The Royal Melbourne Hospital is leading an international trial to investigate whether a CT scan is the best method in detecting early lung cancer.
Funded by the National Health and Medical Research Council (NHMRC), with national and international collaborators, the hospital is performing a large-sample study to determine the best way to use a CT scan for early lung cancer screening.
While in its infancy, the study has already recruited over 300 participants and detected four early stage cancers.
The trial has been born out of overseas research that shows CT screening can reduce deaths from lung cancer, as the cancer is usually found in later stages.
Associate Professor Lou Irving, Head of Respiratory and Sleep Medicine and lead researcher on the trial, said it is important to test whether the screening was appropriate for an Australian health care system, considering the findings abroad.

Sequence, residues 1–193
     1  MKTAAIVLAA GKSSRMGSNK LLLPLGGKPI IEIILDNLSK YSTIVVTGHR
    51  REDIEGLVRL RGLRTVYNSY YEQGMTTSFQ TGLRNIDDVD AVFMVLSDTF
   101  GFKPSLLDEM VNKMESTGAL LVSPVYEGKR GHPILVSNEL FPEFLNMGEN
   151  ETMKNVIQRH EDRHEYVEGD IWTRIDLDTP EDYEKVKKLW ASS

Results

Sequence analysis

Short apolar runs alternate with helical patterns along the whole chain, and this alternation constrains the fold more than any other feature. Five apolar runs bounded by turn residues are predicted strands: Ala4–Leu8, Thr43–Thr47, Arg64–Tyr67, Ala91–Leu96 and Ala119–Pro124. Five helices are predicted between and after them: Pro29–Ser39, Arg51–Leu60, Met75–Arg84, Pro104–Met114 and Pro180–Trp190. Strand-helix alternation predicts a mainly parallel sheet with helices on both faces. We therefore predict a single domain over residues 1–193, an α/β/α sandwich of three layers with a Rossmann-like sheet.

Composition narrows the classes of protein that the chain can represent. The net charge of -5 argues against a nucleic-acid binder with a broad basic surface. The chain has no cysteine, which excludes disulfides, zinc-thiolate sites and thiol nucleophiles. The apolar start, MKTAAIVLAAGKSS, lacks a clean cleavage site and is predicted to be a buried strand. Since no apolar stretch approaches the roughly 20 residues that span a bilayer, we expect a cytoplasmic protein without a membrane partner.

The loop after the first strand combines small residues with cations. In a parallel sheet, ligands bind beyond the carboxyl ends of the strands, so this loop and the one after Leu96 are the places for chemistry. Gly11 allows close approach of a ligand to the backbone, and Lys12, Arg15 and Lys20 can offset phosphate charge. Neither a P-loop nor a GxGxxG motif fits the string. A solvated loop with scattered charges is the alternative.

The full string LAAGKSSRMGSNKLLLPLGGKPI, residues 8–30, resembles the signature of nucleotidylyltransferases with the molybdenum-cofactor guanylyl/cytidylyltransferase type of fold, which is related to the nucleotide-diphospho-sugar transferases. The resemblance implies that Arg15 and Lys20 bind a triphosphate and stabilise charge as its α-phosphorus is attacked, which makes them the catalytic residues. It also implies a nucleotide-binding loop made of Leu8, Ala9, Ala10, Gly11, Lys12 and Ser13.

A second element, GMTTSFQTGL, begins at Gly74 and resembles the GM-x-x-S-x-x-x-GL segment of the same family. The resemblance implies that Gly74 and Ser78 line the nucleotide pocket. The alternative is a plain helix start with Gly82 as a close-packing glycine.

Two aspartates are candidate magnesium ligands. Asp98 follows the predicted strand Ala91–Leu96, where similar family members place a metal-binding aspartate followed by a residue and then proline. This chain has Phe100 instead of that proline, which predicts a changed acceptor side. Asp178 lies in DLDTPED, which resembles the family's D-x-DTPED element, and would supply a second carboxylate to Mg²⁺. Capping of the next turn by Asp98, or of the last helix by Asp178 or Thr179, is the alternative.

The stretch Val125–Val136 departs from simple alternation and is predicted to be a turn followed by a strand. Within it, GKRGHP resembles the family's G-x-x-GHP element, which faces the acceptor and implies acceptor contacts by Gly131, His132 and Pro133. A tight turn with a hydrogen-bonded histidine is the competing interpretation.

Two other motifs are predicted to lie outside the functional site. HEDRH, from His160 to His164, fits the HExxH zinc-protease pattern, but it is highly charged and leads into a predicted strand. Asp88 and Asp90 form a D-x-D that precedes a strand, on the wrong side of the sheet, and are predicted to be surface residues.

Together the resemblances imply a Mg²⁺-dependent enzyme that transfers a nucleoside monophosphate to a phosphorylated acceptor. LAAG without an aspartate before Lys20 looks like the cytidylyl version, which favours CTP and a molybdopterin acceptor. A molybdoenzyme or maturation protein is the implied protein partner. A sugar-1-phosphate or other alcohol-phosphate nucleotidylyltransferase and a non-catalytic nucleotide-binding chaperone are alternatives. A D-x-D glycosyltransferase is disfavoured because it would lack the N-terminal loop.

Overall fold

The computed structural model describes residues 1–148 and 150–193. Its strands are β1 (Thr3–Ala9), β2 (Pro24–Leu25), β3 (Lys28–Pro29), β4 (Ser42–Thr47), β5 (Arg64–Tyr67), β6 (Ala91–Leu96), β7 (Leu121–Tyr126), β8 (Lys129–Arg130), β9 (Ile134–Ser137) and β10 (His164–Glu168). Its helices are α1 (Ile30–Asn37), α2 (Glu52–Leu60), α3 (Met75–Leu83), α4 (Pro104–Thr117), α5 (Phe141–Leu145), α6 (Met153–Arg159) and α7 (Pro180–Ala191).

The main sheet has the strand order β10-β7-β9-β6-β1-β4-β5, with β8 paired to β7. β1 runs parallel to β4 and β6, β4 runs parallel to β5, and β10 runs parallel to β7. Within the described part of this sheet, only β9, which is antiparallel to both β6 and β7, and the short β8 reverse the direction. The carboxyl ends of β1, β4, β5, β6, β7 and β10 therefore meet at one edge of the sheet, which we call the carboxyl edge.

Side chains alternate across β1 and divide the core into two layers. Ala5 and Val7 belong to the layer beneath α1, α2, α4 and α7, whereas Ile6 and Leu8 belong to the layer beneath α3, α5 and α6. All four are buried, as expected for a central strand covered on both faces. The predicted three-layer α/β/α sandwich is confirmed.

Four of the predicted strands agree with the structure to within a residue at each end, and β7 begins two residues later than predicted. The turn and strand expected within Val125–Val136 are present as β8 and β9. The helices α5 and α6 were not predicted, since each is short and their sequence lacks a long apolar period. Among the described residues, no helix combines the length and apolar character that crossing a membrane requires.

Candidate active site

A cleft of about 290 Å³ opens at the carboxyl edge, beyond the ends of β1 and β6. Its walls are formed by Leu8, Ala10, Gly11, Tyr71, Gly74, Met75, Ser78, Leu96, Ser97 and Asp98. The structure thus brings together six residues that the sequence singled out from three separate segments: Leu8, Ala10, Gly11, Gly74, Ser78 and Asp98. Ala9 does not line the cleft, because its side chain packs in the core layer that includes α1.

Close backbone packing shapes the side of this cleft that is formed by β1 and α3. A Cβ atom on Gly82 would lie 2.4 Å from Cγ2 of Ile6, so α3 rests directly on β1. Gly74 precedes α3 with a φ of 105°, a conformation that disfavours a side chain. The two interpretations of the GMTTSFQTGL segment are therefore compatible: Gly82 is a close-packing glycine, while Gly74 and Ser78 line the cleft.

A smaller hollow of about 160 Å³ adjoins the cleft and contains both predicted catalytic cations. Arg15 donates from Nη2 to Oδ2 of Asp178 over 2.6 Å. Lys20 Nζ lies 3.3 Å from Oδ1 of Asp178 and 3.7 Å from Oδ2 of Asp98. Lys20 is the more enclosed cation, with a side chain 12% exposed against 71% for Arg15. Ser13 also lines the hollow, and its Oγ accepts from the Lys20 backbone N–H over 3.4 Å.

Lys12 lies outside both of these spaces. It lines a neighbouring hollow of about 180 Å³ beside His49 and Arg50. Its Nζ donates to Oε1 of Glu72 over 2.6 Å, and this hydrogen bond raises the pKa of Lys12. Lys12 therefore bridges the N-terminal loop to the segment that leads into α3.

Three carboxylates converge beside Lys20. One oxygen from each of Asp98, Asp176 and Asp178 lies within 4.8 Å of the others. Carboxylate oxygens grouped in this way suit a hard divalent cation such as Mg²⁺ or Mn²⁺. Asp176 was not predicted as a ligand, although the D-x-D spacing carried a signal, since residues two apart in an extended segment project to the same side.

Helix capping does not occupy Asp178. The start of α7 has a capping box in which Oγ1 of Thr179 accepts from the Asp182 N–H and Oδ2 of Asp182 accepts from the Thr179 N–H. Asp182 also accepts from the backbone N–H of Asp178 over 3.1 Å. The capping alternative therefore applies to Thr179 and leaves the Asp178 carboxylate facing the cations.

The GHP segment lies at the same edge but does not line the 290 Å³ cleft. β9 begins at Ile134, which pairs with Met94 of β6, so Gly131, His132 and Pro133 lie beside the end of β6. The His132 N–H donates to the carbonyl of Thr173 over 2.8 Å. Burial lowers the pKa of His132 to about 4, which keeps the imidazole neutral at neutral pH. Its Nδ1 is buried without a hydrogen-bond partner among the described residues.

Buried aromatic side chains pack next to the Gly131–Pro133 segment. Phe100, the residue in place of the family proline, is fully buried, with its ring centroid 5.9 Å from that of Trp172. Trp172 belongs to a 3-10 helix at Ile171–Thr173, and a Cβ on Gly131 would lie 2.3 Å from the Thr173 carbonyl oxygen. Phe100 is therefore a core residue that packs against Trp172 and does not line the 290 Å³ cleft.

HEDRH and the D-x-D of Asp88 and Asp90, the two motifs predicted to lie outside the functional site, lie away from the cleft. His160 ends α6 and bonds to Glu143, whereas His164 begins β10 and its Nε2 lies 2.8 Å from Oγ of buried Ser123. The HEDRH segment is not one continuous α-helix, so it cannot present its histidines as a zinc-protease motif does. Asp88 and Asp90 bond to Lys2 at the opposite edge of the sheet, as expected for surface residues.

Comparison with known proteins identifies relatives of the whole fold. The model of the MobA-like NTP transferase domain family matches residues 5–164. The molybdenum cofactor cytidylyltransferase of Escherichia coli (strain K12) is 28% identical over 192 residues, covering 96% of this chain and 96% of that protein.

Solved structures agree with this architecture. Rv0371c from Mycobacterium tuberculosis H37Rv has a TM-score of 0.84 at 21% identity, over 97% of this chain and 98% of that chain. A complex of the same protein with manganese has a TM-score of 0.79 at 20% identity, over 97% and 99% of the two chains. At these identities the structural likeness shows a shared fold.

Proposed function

“The overall survival and cure rate for lung cancer is 15 per cent,” Associate Prof Irving said.
“That’s horrific compared to other cancers in the order of 70, 80 and 90 per cent.
The reason for this is when lung cancers are diagnosed it has usually spread, and a surgical cure can only be used in a minority of people.”
Lung cancer kills more Australians than any other cancer, accounting for more than 8,000 deaths in 2016.
Researchers are seeking to recruit 500 people for the trial, from sites in Sydney, Melbourne, Perth and Canada.
- Be aged between 55 - 80 years
- Have a current or previous cumulative cigarette smoking history of > 30 pack years (packs per day multiplied by the number of years smoked)
- Or, as a former smoker, have quit smoking within the previous 15 years.
Participants in the trial will undergo CT scans, respiratory function tests, blood samples, quality of life questionnaires and be linked to smoking cessation programs.
For more information on the trial, and to participate, please visit https://www.thermh.org.au/research/clinical-trials/7357